Bruno and other like-minded literate surgeons did their best to elevate the field of surgery. They wrote texts on the subject and even got some of the Universities to include special degree programs in surgery.
These degrees were wildly unpopular…
Between 1405 and 1434 not a single student completed the surgical degree at the University in Padua. Physicians looked down on surgeons they way literate surgeons looked down on lay surgeons. A university trained physician was considered qualified to perform any surgery, but an educated surgeon was not qualified to practice internal medicine. From a practical standpoint it made more sense to just go for the physician’s degree. And for those who really liked the idea of cutting into people, a degree wasn’t really necessary. Many got a few years of education under the belts and then dropped out to begin their careers as surgeons.
I’ve chosen my surgeon. What can I expect?
That depends on the type of surgery and your surgeon. But here are a few generalities:
1. You’re probably going to be strapped down.
Surgery isn’t going to feel good, and if you’re flailing around, it’ll be hard for the surgeon to do his job. If you’re lucky the surgeon will give you a soporific mixture. A sponge soaked in opium and mandrake placed in the mouth or under the nose will hopefully lull you to sleep…hopefully. If not, take heart. The surgeon will try to be quick.
2. The surgeon will have special tools
Guy de Chauliac, a 14th century surgeon and author of Chirurgia Magna, described the essential tools of a surgeon: knives, razors, and lancets for making incisions, cautery irons, grasping tools, probes, needles, cannulae, and a tool for trepanation.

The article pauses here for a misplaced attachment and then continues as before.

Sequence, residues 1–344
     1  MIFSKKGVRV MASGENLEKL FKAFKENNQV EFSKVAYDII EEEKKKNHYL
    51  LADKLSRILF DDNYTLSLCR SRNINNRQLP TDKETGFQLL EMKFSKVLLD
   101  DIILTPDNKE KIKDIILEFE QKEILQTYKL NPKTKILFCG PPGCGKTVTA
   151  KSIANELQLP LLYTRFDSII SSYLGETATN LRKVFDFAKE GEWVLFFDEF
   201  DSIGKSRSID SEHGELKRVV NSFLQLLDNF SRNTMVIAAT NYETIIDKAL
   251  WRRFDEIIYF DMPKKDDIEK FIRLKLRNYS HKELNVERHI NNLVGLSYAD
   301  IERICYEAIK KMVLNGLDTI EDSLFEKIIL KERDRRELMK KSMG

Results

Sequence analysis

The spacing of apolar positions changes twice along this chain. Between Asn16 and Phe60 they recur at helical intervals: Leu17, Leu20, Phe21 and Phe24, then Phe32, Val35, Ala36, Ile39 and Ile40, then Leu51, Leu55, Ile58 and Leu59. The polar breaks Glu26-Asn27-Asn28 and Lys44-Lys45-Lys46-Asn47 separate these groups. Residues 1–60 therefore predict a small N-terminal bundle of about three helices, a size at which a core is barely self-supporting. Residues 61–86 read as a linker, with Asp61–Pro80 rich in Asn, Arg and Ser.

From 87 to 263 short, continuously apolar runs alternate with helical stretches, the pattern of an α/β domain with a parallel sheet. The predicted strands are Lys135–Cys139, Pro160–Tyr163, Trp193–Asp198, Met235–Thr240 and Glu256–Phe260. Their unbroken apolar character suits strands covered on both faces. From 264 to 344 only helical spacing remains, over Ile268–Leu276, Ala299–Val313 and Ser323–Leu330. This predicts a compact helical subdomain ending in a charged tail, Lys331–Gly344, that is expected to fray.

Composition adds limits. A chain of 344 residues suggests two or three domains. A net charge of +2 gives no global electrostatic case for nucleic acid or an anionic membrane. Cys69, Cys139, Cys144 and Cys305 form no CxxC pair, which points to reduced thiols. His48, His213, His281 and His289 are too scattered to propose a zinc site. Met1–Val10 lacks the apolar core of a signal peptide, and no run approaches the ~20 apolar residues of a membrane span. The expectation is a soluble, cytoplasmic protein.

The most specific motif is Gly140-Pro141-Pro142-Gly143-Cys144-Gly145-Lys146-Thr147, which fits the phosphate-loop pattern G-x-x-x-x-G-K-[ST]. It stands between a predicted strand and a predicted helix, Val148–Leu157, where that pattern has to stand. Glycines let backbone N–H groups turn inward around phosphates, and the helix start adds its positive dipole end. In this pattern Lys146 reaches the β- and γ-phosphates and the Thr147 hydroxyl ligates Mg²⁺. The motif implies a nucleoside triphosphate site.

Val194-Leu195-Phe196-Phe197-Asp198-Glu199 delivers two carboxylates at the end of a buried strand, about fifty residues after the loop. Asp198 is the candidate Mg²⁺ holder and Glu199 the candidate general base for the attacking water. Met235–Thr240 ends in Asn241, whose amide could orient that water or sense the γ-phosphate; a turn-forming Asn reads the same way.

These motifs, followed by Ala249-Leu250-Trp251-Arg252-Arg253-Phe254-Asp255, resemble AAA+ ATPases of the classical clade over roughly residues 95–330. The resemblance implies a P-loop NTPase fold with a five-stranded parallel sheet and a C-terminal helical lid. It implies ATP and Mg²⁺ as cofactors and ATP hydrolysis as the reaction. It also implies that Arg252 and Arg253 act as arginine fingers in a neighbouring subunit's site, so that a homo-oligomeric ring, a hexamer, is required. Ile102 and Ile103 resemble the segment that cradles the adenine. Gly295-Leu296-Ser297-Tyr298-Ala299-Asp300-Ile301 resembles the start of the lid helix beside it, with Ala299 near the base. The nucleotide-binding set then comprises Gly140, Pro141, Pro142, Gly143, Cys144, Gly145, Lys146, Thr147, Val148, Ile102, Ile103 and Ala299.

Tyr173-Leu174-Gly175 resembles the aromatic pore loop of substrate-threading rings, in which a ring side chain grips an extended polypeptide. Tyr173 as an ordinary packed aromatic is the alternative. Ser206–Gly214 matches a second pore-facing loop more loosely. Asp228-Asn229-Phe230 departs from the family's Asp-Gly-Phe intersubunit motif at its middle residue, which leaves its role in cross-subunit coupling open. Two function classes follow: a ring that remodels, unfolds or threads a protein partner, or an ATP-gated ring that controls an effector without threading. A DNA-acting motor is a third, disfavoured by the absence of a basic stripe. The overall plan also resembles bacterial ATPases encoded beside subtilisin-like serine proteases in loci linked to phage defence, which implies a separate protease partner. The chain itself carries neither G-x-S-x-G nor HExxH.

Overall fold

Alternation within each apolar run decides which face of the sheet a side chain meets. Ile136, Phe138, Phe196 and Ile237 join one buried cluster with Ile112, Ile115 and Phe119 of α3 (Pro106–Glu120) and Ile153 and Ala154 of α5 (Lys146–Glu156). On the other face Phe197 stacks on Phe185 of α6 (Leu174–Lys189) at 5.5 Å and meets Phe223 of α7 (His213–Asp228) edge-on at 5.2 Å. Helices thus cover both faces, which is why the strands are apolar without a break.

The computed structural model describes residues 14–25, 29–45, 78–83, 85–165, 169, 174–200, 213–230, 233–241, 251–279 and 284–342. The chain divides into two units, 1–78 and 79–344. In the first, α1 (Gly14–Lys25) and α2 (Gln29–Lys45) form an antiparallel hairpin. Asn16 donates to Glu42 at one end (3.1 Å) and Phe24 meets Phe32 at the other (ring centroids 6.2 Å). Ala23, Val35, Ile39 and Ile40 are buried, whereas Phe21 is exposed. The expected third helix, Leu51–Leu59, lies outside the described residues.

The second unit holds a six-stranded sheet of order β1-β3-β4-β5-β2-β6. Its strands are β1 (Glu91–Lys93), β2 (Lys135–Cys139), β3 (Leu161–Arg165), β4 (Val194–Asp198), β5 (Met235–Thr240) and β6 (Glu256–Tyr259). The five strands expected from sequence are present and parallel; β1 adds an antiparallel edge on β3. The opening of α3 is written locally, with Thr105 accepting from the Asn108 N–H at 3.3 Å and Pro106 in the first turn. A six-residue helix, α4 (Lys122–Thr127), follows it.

3. The surgeon might clean your wound with wine or boiling oil
Wine has been used since antiquity to clean wounds, and your surgeon will likely follow his forefathers’ advice. The wine will work as an antiseptic, though your surgeon won’t know anything about the microorganisms he’s killing. If your surgery is schedule before 1500 and your surgeon suspects your wound is poisoned, he will likely pour boiling oil over it. It won’t feel great, but he’s doing what he thinks is best for you.
4. There will be pus.
In fact, your surgeon will be hoping for pus. Well, a certain kind of pus at least. Laudable pus, thick white pus, suggests that your infection will either heal or form a local abscess. This is considered a good sign, and some surgeons might even keep your wound open and use a special unguent to help encourage laudable pus. Your surgeon won’t want to see a watery, fetid pus. If he does, there’s a good chance you’re going to get gangrene and die. So keep your fingers crossed for the laudable type.
5. You might live
The following passage is taken from “Respectful Image”: Revenge of the Barbar Surgeon by by Charles E. Bagwell.
Records of Joseph Binns, a London surgeon who practiced from 1633 to 1663, describe 616 patient cases, 196 of venereal origin (apparently a special interest of his), 77 of swellings, 61 of medical symptoms (including aches, stomach illness, headaches, insomnia, diarrhea, and epilepsy), 15 with battle injuries, 14 from work-related injuries, 19 with injuries in falls from horses or coaches, and 41 injured in fights. Of the 402 outcomes listed, 265 were cured; 62 improved. There was no improvement in 22; 53 (8%) died.7
Not bad results considering he was working without anesthesia or knowledge of germ theory.
photo credit: <a href=”http://www.flickr.com/photos/11654579@N07/4265807885″>Main Street Barber Shop</a> via <a href=”http://photopin.com”>photopin</a> <a href=”https://creativecommons.org/licenses/by-nc-nd/2.0/”>(license)</a>